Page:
There is political opportunity for Pawlenty or another Republican in attacking Obama for being a defeatist in Afghanistan, but even that is unlikely to revive conservative support for the war at this critical juncture.
Europeans, Arabs Sour on Libya War After Civilian Deaths
"When I see children being killed, I must have misgivings. That's why I warned about the risk of civilian casualties. You can't have a decisive ending. Now is the time to do whatever we can to reach a political solution."
-- Arab League President Amr Moussa to The Guardian (UK) urging a ceasefire in the Libyan civil war.
After a weekend of errant NATO air strikes killed rebel fighters and Libyan civilians the Italian government is calling for an immediate end to hostilities in the Libyan civil war and the Arab League now wants a cease fire.
This proves problematic in Washington where the Obama administration is fighting to preserve U.S. involvement in the conflict.
The White House cites the sanctioning of the war by the Arab League as part of the reason that congressional authorization for U.S. involvement is unnecessary and points to the need to stand by our European allies as a rationale for the continuing U.S. commitment there.
The Italians have never been the strongest supporters of the Libyan intervention, but with the British and the French growing increasingly frank about their inability to prosecute the war it looks like the rest of NATO might lose heart before America would have the chance to abandon the Europeans.
That European disheartening will speed up as Arabs continue to decry the war and demand some kind of negotiated truce between the Eastern and Western tribes. The fear of terrorist reprisals for more civilian casualties will push NATO nations toward the exits.
The Chinese and Russians have now said they can do business with both sides in the war and the Euros may follow suit. The two nations that would emerge would be a motley pair of twins. In the east, Islamists in the new government would find fast friends in the radicalizing Egyptians next door. In the west, the Qaddafi clan would, with the help of other allied African despots, plot its reprisals against their cousins to the east and the Westerners who helped them break away.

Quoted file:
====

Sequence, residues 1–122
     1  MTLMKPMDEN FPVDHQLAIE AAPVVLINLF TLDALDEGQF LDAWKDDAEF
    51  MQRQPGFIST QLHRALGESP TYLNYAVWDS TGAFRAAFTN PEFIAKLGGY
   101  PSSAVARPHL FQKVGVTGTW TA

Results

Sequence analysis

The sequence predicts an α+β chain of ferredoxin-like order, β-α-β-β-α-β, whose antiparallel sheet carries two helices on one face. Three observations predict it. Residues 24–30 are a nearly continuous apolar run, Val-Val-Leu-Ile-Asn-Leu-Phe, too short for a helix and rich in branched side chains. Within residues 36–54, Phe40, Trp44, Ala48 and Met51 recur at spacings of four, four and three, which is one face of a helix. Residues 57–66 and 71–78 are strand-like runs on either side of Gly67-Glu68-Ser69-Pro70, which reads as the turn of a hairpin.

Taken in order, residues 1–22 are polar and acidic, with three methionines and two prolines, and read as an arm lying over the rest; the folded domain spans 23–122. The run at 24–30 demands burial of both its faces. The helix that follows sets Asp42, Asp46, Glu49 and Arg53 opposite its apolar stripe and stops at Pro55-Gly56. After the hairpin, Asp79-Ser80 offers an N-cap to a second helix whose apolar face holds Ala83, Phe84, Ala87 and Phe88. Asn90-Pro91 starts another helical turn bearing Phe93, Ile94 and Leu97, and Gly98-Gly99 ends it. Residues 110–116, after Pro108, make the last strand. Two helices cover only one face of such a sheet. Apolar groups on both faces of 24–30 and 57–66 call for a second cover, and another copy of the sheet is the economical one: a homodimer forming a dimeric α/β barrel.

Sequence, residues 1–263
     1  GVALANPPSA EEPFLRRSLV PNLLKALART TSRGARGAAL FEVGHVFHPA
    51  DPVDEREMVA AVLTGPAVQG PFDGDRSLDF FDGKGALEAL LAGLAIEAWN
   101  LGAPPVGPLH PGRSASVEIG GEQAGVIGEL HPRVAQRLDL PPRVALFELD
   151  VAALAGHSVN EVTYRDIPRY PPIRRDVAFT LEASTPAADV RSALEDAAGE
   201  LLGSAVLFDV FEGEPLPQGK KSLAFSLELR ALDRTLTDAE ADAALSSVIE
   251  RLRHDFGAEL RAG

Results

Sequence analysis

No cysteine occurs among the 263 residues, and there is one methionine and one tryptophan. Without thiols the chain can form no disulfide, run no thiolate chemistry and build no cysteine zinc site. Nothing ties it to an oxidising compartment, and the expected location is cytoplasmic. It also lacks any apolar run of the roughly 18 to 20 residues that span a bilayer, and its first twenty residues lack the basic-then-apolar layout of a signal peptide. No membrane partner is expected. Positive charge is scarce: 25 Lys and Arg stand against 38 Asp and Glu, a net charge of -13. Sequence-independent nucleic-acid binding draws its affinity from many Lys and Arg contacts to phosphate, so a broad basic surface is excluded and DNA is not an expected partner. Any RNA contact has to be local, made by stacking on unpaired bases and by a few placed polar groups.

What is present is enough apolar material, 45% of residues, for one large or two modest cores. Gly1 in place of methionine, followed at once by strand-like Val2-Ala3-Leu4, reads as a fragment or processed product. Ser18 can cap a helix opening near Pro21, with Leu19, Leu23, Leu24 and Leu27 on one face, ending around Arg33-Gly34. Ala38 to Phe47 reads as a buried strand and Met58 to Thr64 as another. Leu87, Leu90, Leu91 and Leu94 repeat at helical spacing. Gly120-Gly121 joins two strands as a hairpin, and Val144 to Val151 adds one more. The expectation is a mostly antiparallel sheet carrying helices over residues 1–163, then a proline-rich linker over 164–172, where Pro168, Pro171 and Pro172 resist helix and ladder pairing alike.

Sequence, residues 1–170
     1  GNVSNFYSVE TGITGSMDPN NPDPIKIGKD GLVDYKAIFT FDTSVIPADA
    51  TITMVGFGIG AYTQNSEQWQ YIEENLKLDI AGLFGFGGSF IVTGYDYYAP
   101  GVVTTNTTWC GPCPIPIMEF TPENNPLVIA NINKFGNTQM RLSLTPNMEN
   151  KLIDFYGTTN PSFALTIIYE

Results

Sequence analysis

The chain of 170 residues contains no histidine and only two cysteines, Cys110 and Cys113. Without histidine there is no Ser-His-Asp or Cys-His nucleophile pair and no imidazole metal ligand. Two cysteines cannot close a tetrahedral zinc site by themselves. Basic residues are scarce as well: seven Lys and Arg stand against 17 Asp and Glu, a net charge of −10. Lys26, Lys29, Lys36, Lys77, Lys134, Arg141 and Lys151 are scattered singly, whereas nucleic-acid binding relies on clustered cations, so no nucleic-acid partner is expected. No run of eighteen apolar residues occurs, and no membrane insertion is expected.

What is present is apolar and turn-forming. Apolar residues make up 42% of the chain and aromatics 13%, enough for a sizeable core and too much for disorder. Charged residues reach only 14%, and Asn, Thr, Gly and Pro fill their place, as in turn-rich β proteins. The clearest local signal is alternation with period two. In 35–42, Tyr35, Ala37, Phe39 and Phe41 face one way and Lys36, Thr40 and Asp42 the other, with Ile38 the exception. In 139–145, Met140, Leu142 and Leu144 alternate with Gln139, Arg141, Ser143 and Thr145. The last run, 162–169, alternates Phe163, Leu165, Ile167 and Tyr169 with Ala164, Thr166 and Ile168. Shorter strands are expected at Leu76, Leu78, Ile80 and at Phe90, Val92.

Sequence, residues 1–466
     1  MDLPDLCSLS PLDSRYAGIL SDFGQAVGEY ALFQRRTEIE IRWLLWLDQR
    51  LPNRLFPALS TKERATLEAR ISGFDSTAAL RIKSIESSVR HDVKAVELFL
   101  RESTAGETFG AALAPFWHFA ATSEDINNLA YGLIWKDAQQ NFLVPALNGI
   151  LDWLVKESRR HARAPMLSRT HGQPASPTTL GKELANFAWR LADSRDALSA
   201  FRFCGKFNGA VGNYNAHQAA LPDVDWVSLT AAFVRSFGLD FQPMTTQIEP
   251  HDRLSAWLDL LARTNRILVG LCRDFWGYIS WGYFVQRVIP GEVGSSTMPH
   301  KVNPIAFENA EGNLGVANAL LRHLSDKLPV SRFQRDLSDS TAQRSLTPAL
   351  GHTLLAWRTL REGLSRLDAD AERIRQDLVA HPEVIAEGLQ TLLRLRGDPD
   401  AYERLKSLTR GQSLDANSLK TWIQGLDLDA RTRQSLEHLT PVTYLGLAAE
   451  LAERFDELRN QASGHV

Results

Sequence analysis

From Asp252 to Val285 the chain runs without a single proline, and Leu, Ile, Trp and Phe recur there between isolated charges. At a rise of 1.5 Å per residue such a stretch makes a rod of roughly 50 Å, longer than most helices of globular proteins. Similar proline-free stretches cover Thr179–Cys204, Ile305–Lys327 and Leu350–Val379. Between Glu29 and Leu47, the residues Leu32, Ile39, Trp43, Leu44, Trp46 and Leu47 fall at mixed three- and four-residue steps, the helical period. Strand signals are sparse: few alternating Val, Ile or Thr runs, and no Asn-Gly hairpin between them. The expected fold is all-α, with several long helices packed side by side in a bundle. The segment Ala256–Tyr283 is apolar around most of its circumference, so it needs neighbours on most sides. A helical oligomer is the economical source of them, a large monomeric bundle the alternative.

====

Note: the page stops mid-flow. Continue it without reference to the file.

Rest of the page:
With some 50,000 troops from other NATO countries providing non-violent (except for the remaining Brits) support in Afghanistan, the Obama administration is keen to help. But having declined to get Congressional approval, the president can hardly now deploy the requisite force needed to crush the western tribes.
But once Obama begins his own gradual withdrawal from Afghanistan, he may be unable to convince the increasingly impoverished, war-weary Europeans to provide a garrison force that would allow the president to show substantial troop reductions before the 2012 election without risking a humiliating collapse of the government Americans have propped up since 2002.
Congress is trying to rouse itself to the issue, but leaders find few good options.
It is unlikely that a pro-war resolution offered by Sens. John McCain and John Kerry could pass in the House. It’s just as unlikely that a House resolution de-funding the war could pass in the Senate. It’s another stalemate.
That helps Obama in the short term because Congressional inaction buys time for the air campaign against the western tribes. It looks increasingly likely that by the time Congress ever gets around to expressing its will on the war that the conflict will have moved into a new phase whether through the killing of Col. Muammar al Qaddafi and his family or the collapse of NATO support and international tolerance for Western involvement.
And whatever happens in Libya, Obama will have struck a serious blow on behalf of presidential power by defeating the War Powers Resolution that has bound all of his predecessors since Richard Nixon.
And Now, A Word From Charles
“I think the task the president has in the speech is to reassure the left among the Democrats and some of the concerned Republicans who want to pull out that we are in fact getting out, while at the same time reassuring our allies and particularly the Afghan peasantry that we are not getting out. That is a contradiction he has had since the December 1, 2009 speech at West Point where he announced the surge and the next sentence announced we're getting out in July of this year.
And I think it is a problem that the president cannot solve. He has sent 30,000 additional Americans in harm's way, some of who will not return, in a war to which he shows remarkably little personal commitment. I think that's his problem.”
Chris Stirewalt joined Fox News Channel (FNC) in July of 2010 and serves as politics editor based in Washington, D.C.